A few days later Emarcy arranged two studio dates designed to replicate the jam-session formula popularised by JATP. Clifford and Max were featured with an assortment of stars from the label’s roster including Herb Geller, Joe Maini, Clark Terry, Maynard Ferguson and Dinah Washington. It has to be said that these overlong titles, some stretching to 20 minutes or more, fail to maintain interest. Brown and Roach were apparently uncomfortable and Mark Gardner has dismissed the dates as “less than essential”. In a JJ interview Herb Geller told me “The highlight for me was playing with Clifford who was a marvellous, extraordinary human being and musician. His sound was beautiful and soulful with such a sparkling way of playing.”
The Emarcy string album, recorded over three days in January 1955, became Clifford’s most popular session and influenced Wynton Marsalis to take up the trumpet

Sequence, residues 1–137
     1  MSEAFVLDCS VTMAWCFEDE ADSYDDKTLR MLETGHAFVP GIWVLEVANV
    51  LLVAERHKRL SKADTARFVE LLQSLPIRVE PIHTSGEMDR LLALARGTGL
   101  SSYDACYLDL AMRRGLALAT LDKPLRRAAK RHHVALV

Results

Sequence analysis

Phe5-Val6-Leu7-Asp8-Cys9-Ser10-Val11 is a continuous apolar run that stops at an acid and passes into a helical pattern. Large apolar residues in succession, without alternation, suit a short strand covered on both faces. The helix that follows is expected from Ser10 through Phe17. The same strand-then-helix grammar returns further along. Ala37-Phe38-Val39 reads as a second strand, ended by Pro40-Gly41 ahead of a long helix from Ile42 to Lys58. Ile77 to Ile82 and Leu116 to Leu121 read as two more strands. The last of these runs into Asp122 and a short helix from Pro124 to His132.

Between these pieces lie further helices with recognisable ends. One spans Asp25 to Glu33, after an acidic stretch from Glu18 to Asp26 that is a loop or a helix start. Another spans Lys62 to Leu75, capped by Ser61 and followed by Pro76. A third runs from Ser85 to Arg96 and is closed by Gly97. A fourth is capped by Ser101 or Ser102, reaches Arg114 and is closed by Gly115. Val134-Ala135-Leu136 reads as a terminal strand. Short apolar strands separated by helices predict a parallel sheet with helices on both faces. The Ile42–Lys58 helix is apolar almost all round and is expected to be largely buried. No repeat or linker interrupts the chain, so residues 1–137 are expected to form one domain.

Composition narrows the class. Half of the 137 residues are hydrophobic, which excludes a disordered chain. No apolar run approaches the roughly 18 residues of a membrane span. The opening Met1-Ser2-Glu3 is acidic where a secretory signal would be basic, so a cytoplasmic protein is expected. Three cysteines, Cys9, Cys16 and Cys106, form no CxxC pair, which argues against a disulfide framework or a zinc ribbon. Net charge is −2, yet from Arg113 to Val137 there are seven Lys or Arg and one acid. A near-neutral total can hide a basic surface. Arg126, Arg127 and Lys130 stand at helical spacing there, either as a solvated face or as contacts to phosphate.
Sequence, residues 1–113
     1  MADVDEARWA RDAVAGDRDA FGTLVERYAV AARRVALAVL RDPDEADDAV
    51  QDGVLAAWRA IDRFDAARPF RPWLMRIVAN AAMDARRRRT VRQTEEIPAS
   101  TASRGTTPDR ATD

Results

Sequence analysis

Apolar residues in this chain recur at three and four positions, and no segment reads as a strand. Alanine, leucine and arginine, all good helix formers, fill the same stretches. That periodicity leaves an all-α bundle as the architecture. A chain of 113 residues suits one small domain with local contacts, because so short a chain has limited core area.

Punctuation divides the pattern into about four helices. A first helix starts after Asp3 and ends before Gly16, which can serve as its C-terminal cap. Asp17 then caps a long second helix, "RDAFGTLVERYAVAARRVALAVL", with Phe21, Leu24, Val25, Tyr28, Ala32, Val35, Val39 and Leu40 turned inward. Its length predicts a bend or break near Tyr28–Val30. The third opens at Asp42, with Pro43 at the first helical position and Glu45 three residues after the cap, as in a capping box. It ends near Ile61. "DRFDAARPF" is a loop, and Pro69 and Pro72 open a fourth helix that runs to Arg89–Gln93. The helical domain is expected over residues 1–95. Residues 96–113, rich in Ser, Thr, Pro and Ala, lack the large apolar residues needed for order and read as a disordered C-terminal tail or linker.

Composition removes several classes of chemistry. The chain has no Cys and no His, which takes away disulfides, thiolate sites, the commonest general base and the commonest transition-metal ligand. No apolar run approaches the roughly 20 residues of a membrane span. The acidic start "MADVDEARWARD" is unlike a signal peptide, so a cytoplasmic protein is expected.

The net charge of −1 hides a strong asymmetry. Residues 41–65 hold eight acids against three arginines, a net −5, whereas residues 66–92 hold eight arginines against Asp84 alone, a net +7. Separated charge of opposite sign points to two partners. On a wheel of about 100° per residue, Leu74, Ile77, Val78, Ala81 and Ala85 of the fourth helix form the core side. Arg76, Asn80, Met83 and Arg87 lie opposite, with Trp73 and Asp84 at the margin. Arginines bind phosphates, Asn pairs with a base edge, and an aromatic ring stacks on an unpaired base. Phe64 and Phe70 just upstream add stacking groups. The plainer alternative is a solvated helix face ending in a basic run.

After three months in California the quintet relocated to the East Coast for an October engagement at the Blue Note in Philadelphia which was followed by two weeks at Detroit’s Crystal Lounge. Over the next month Emarcy embarked on three memorable albums placing the trumpeter in totally new and stimulating settings with Sarah Vaughan, Helen Merrill and a string date with Neal Hefti. Sarah Vaughan was accompanied by her regular trio of Jimmy Jones, Joe Benjamin and Roy Haynes. Herbie Mann and the inventive Paul Quinichette were on hand too. The Vice-Pres lives up to Bob Brookmeyer’s description of him as “the only fellow I know who can order a meal on tenor”. The string album, recorded over three days in January 1955, became Clifford’s most popular session and influenced Wynton Marsalis to take up the trumpet. The spotlight here often shines on the rich timbre of his work in the lower register. My guess is that Hefti’s scores did not indicate exactly what, but where Clifford was to play. Sticking close to the melodies, he was free to interpret these songbook classics in his own distinctive way, making elaborate use of embellishments and delicate grace notes with a more pronounced use of vibrato than usual.